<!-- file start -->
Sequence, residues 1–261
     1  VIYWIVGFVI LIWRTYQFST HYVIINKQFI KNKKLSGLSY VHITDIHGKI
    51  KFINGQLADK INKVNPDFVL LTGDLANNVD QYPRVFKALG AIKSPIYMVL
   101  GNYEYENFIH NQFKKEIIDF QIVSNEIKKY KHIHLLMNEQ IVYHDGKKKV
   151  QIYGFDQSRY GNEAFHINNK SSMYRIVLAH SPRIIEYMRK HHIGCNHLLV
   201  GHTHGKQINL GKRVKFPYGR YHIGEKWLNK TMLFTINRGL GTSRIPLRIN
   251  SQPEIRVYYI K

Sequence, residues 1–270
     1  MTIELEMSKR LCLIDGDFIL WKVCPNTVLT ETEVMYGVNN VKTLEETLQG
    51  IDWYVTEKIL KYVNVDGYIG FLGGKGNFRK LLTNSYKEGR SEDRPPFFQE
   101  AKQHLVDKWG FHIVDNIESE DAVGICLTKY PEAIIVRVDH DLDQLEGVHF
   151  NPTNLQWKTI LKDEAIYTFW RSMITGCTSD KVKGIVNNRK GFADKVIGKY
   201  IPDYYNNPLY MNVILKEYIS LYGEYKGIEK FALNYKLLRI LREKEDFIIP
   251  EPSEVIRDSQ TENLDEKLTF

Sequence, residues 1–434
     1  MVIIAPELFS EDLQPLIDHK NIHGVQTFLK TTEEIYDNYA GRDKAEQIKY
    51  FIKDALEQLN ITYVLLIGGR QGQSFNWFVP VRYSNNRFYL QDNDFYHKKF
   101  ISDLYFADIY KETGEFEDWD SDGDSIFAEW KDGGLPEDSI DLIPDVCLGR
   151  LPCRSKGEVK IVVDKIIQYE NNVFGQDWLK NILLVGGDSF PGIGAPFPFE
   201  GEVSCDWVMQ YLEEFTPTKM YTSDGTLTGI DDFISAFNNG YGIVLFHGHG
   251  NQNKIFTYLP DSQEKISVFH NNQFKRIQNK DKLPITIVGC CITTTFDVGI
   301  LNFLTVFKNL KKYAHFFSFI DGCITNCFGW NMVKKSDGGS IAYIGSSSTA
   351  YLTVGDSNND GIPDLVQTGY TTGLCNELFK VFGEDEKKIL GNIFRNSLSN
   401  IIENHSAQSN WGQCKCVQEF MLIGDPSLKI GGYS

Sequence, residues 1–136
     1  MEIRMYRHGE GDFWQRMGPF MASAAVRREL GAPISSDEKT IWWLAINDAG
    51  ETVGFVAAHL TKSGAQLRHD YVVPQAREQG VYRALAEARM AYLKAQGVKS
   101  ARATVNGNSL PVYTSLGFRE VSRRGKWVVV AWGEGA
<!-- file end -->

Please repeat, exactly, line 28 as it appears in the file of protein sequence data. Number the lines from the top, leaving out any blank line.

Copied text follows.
   101  ARATVNGNSL PVYTSLGFRE VSRRGKWVVV AWGEGA